For Columbia engineering students, the curriculum is similarly structured to provide students with a foundation from which to build and grow. In addition to enrollment in half of the liberal arts Core, engineering students begin their coursework with a solid foundation in calculus, physics, chemistry, and economics. A cornerstone of the Columbia engineering curriculum is a core service-learning design class, Design Fundamentals Using Advanced Computer Technologies. The only one of its kind required nationally, the course is designed to give first-year SEAS students an authentic window into the life of an engineering professional. In small groups, students work to solve a real-life problem of a New York City company or organization, using the state-of-theart Botwinick Multimedia Learning Laboratory. Past projects include the design of accessible playground equipment for children with disabilities and the development of a mixed-use bus stop that monitors environmental conditions for risks to asthmatics. At the end of the project, students present their product to their client. The experience is designed to cultivate in engineers an awareness of the impact of their designs on the world around them.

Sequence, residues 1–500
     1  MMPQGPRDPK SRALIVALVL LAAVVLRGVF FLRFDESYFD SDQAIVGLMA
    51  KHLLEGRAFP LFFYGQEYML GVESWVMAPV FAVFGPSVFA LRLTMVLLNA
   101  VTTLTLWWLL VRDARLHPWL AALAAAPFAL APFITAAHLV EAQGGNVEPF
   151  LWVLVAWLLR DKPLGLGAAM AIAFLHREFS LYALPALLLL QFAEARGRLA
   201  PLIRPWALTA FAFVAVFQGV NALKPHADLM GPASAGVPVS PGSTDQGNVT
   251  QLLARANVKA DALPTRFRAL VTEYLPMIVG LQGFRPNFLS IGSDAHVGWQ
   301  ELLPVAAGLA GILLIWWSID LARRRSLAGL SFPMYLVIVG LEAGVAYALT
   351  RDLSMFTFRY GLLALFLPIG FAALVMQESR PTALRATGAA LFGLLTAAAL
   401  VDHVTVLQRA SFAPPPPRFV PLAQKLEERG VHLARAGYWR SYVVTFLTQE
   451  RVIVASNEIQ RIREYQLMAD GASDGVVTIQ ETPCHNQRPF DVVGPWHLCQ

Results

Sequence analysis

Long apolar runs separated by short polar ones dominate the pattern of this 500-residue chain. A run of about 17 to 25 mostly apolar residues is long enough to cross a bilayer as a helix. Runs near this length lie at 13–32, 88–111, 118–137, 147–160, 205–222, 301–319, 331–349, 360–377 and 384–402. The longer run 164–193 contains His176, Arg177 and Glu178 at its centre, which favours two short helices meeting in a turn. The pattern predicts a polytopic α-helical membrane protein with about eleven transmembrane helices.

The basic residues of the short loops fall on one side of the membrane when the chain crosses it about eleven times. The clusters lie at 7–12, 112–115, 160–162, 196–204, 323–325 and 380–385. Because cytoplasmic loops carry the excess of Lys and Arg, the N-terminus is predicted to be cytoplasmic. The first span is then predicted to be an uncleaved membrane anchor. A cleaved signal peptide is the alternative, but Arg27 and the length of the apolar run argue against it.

Engineering Departments and Majors

  • Applied Physics and Applied Mathematics
  • Biomedical Engineering
  • Chemical Engineering
  • Civil Engineering and Engineering Mechanics
  • Computer Engineering Program
  • Computer Science
  • Earth and Environmental Engineering
  • Electrical Engineering
  • Industrial Engineering and Operations Research
  • Material Science and Engineering Program
  • Mechanical Engineering


Following exposure to a number of academic disciplines and departments, Columbia students declare a major during their sophomore year. At this point students examine a specific area or areas of academic study more fully. The result of the Columbian’s at once broad and narrow education is a “jack of all trades, and a master of one.” Columbia College students choose from over 90 wideranging majors, with new programs, like the recently added Sustainable Development, being developed every year.